By Amaryllis Perotti.
The recent measures taken by governments worldwide to counter the pandemic bring up questions regarding the future generation’s place in our society: have the lives of young people been sacrificed and forgotten? These are the questions that have risen in France, whose government has faced backlash over the social impacts of COVID-19 restrictions.
Mental health problems are said to be one of the leading causes of the overall disease burden worldwide. Approximately one in every six people in the United Kingdom has experienced mental health issues in the past week. Inarguably, mental illnesses are very prevalent in our modern-day society.
But almost no other kind of illness has been met with such a high level of discrimination and stigmatization.
This article will explore the treatment and perception of mental illnesses in the past and present and how this has a significant bearing on how we interact and represent people suffering from a mental illness today.
What defines beauty standards? This article takes a stand despite the controversial nature of the topic. I will explore the motif behind our need as a society to have beauty standards and why they represent such a problematic issue for girls and women. I will also discuss how beauty ideals influence their measure of self-appreciation and self-worth. Despite the great reaction of women against these standards through body positivity movements, there is a need for a gradual process of self-acceptance while moving away from societal standards.
Picking and choosing what a child should be allowed to read can be complicated. Should children be free to read anything they want, or should parents and educators be more selective about what books their kids can get their hands on? This issue is particularly divisive if it involves children’s horror fiction, which is populated by scary, violent, and unsettling tales. This article discusses the different sides to this argument and it will also suggest a way of approaching scary books that can be both pedagogical and enjoyable for a young audience.
By 2050, there will be more plastic than fish in the sea. The so-called Zero Waste movement wants to combat these ever-increasing piles of litter by producing as little individual waste as possible. But should we really blame the consumer for the plastic pollution crisis? This article explores whether the Zero Waste movement effectively makes our world a better, waste-free place, or whether their aim does not go far enough yet.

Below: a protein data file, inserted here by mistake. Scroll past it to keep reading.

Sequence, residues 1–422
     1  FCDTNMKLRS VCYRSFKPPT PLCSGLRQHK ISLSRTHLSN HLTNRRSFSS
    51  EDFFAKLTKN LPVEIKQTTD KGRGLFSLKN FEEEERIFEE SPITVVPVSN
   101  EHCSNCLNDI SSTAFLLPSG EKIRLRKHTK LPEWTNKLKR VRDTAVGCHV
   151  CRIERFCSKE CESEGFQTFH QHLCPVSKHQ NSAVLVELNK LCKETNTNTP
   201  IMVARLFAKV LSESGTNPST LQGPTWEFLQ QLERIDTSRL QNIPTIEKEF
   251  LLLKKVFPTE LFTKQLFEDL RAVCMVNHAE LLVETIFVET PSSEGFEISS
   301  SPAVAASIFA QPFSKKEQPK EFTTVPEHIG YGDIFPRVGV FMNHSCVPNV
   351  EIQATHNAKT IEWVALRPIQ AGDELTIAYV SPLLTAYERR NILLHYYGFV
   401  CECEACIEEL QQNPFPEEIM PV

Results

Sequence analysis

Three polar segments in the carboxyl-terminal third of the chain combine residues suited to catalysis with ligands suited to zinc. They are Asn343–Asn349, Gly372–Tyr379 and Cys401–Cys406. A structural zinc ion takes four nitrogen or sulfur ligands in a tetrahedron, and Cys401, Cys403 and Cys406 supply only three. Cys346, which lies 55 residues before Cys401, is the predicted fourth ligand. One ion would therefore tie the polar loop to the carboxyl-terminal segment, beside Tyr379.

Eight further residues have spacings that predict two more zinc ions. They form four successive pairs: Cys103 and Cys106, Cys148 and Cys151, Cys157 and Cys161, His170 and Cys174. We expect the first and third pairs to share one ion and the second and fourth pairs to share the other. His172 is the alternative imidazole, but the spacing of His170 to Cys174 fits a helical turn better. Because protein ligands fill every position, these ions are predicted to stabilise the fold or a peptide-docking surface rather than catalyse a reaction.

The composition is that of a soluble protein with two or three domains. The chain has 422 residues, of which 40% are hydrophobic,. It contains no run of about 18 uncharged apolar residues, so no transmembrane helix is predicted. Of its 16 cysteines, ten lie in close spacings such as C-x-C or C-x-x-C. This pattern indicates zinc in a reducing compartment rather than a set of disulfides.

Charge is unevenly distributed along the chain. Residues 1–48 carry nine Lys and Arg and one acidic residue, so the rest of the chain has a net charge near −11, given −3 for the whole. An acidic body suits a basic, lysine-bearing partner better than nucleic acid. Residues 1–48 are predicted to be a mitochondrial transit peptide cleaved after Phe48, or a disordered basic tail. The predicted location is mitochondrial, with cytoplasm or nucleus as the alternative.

Mauragh Scott explores the controversial issue of museum loot. Specifically, the article critiques the British Museum, in London, for its continuation of colonial interpretations around the artefacts it has on display. Countries and representatives of cultures to whom artefacts belong argue that it is the museums’ responsibility to repatriate artefacts back to the cultures that they were stolen from and move forward together to teach a decolonised history of the past.
Netflix released Bridgerton on Christmas Day and it was an instant success because of its vivacious portrayal of Regency-era England. Before its release, it was hailed as a feminist and inclusive show; however, it only takes a quick Google search to realise that not all reviewers agree. Many people praise Bridgerton for its progressive portrayal of women, while others consider the show an utter failure or, at best, a missed chance. This article will take into consideration some of the themes and power dynamics that the show portrays and whether they should be considered feminist or not.
Football is the most popular sport in the world. Billions play, watch, and devote parts of their life to the sport. This article explores how FIFA has allowed itself to benefit from human rights abuses, tainting the sport as a whole. It hopes to spark some sort of self-reflection in the everyday fan or at least reveal the extent of the problem. Football might represent the height of sporting entertainment, but it comes with a global human cost.
Mauragh Scott explores whether the world is really running out of water and what this issue could mean both near and far. With the UN calling this a ‘silent emergency’ worldwide, the realities of running out of water are catching up with many areas around the world already, and it paints a poor picture of what we will all face in our future. She also looks at the case of South Africa’s ‘Day Zero’ as an example of how we might take the first step in combating this issue.